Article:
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Published on Dec 8, 2008
Charles Pierce (July 14, 1926 - May 31, 1999) was one of the 20th century's foremost female impersonators, particularly noted for his impersonation of Bette Davis.
Born in Watertown, New York, he began his show business career playing the organ and acting in radio dramas at station WWNY. He branched out into a comedy routine, attired in tuxedo, yet managing to evoke eerily convincing imitations of popular movie actresses. Eschewing the term drag queen, which he hated, he billed himself as a male actress.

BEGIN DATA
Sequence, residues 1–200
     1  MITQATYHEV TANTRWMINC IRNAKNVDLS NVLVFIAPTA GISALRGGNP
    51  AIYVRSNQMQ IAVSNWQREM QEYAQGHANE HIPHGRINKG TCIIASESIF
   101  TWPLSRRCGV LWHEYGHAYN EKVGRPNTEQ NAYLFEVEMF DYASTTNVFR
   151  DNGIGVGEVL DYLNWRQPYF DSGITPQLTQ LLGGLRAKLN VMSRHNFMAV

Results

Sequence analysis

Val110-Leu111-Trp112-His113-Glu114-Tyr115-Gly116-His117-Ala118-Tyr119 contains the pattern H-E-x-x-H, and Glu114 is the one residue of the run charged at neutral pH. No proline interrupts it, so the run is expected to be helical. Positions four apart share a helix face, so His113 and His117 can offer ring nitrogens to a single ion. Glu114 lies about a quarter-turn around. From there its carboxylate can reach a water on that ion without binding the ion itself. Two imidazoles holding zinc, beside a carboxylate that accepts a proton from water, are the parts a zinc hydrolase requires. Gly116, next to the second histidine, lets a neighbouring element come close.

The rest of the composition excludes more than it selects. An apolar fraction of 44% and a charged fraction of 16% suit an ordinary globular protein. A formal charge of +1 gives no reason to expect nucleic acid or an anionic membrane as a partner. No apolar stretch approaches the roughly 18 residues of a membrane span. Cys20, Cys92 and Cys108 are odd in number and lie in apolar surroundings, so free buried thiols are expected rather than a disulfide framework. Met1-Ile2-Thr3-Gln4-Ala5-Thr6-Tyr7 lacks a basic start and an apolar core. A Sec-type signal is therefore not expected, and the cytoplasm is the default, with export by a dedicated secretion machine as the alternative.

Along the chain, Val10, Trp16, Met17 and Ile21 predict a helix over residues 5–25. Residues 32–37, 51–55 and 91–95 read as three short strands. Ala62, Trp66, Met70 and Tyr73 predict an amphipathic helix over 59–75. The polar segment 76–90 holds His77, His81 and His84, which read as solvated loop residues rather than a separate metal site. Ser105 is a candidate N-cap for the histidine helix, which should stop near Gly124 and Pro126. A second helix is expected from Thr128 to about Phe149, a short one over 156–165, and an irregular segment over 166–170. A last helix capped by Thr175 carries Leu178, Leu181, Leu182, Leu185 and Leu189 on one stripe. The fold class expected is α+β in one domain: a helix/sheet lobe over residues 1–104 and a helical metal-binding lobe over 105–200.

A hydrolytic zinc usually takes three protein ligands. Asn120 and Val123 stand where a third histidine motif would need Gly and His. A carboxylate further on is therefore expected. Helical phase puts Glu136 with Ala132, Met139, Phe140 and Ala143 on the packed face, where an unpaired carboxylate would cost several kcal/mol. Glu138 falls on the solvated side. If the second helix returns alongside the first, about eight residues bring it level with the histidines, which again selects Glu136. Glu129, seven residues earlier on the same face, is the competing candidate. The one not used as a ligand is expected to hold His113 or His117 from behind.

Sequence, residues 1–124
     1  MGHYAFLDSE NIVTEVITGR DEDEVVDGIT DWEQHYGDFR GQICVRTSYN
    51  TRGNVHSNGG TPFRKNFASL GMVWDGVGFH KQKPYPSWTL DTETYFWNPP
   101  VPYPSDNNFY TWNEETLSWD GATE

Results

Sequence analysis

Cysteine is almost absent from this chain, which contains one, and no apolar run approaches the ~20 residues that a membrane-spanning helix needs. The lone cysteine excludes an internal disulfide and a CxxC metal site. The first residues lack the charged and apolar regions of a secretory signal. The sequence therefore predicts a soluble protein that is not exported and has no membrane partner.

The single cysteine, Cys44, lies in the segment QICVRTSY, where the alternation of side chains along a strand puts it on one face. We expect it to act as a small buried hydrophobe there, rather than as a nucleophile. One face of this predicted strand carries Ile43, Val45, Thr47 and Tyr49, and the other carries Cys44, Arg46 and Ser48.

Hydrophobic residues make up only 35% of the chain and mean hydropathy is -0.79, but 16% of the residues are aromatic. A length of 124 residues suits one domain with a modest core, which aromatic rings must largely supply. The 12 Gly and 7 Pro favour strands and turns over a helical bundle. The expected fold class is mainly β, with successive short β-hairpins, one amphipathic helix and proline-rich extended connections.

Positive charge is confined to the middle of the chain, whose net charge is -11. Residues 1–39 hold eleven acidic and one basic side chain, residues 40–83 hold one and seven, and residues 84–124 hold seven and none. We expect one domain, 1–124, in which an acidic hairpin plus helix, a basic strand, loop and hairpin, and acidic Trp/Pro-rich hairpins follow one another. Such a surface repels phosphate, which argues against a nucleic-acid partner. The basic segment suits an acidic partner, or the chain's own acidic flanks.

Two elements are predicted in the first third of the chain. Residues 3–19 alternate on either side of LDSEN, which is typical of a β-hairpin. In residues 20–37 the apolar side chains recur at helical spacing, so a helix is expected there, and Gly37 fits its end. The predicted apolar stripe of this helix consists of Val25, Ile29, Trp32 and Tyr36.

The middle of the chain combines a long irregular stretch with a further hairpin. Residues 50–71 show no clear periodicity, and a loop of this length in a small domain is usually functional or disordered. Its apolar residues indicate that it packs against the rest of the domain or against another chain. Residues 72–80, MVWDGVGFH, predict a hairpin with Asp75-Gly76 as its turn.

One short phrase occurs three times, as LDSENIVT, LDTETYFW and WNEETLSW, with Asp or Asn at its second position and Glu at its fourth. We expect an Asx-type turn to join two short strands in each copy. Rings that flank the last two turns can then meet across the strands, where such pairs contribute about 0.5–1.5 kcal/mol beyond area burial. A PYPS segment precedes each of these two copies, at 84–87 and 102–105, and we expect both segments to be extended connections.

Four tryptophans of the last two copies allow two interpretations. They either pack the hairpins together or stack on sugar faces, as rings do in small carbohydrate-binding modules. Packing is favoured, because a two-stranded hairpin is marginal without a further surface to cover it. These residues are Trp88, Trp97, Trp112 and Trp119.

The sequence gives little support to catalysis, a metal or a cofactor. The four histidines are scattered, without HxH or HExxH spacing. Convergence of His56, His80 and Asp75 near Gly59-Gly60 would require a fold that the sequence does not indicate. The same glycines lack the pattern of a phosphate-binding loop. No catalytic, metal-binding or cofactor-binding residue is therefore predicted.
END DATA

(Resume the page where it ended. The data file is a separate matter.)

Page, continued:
Initially playing in small gay clubs, his fame spread. He took up residence in San Francisco, California, where his act became well-known to Hollywood stars. As he toured, his costuming became more elaborate, initially adding small props, later full costume and makeup changes. His imitations were imitated by other female impersonators, and his roles included Bette Davis, Mae West, Tallulah Bankhead, Gloria Swanson, Carol Channing, Katharine Hepburn, and Joan Crawford, which became the drag queen canon. His act was centered on wit rather than accurate mimicry, though it was often said that he looked more like Joan Collins than did Joan Collins herself.